Read’s point was he was no longer roaming the globe to meet clients and visit the far-flung parts of the WPP empire. But I couldn’t help feeling that he was also trying to suggest, in order to keep the T&Es line down, that this was a new era of thrift. Either that, or it was a bit of virtue signalling.
Unfortunately, I took something else from the comment. What kind of person, paid over £1 million last year, actually bothers to claim expenses of £48.00? It really can’t be worth the bother and it reminds me of those MPs rigorously detailing the cost of a KitKat and a grab-bag of Walkers crisps.
Trivia aside, there is much to digest in the official results statement. The first thing that stands out is that VMLY&R and Wunderman Thompson are highlighted as two of WPP’s best performing agencies. Both are the result of seemingly-controversial mergers instigated by Read early on in his tenure. He must feel vindicated.
The second, and it plays to the performance of those two agencies, is WPP’s description of the changing nature of its work. Here’s the relevant paragraph from the statement:
“The nature and delivery of our client work has evolved significantly. Most of our major clients required rapid support in developing relevant communications, with new campaigns being developed in days rather than months. Our investment in production through Hogarth, combining leading-edge technology with a wide geographical footprint, has been a strong differentiator in this regard.
"We have also been working with clients to re-plan their communications spend, redirecting resources to alternative channels and maximising their media return on investment. Work on ecommerce and omnichannel services has also ramped up significantly, with ongoing ecommerce engagements with 8 of our top 10 clients.”
The bigger thread that runs through the results is that WPP is beginning to decouple itself from media expenditure, and is therefore going well beyond old fashioned ads-n’-media stuff.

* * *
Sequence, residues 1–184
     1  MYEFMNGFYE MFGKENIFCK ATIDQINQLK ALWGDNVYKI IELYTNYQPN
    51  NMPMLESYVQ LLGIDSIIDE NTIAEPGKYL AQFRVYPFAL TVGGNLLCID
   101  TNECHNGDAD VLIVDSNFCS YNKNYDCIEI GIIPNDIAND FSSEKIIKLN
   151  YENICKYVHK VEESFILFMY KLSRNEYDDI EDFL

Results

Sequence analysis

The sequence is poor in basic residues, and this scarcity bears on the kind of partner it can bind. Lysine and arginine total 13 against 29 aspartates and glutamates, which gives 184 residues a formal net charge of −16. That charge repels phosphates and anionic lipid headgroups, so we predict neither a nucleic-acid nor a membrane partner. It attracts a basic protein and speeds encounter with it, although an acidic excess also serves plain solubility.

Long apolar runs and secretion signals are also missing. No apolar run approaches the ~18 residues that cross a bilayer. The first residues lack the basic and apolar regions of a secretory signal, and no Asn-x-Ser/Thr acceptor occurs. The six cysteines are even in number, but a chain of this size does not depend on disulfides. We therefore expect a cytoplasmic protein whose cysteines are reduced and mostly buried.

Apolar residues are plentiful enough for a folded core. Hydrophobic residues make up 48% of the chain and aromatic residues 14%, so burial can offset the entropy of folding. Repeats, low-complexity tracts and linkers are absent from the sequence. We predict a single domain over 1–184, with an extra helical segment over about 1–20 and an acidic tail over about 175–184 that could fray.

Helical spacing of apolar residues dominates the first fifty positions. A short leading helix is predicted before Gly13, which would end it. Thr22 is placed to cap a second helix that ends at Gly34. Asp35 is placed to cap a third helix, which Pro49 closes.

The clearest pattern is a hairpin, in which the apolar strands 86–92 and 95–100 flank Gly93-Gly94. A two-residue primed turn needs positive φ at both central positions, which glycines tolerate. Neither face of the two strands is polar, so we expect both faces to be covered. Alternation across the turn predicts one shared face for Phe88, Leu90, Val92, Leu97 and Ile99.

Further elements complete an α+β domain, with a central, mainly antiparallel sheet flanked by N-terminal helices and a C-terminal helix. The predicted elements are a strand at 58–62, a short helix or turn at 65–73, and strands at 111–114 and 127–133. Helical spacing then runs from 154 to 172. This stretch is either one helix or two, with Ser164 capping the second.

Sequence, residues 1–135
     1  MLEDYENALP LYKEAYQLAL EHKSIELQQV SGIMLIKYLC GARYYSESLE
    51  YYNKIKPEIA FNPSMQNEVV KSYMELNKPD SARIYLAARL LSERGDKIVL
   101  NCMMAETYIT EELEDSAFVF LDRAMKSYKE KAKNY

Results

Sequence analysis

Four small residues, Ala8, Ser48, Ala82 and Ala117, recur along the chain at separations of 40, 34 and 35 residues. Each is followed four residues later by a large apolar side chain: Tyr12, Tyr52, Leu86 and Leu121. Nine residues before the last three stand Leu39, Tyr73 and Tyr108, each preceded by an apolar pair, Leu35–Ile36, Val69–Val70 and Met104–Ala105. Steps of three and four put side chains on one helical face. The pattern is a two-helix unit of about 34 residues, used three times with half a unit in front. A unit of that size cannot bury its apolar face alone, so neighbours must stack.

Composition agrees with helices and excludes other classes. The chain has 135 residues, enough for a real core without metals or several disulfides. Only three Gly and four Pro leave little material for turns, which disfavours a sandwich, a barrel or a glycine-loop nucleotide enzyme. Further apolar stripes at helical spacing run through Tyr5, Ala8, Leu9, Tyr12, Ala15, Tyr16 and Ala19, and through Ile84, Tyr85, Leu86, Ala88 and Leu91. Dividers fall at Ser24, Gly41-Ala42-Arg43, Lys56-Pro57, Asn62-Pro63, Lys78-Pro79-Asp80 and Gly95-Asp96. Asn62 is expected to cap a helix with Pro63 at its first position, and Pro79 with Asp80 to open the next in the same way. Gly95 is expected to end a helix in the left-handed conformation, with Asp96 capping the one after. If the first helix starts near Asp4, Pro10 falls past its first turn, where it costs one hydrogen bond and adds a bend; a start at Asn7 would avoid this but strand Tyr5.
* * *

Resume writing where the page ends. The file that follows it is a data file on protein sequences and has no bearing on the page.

The downside, however, is that the powerhouse media agencies that make up GroupM are less advanced in this regard and have therefore relatively underperformed given the way media expenditure has fallen, although Read is confident this will pick up again medium and long term.
Nevertheless, the pressure will be on them to widen their offerings in order to diminish their reliance on media. Most of the big players have been on this road for a while — adding data, content, consultancy and so on — but perhaps not fast enough and perhaps not brave enough yet to start charging for planning and the like.
And so to my big question: should I sell my WPP shares or buy more? I bought them about 18 months ago at £12 or so, partly for fun (I got a cheap thrill playing the I’m-a-shareholder card and asking senior WPP folk to pull their fingers out) and partly because, at about two thirds of their all-time high, I thought the only way was up. What do I know? Today they are about half the price I paid.
On balance, I think I’ll stick for now - severe loss aversion, behavioural scientists will say — and hope either that Read is right that WPP is in recovery mode or that someone will break it up and the sum of its parts will prove greater than the whole — at least twice, to be precise.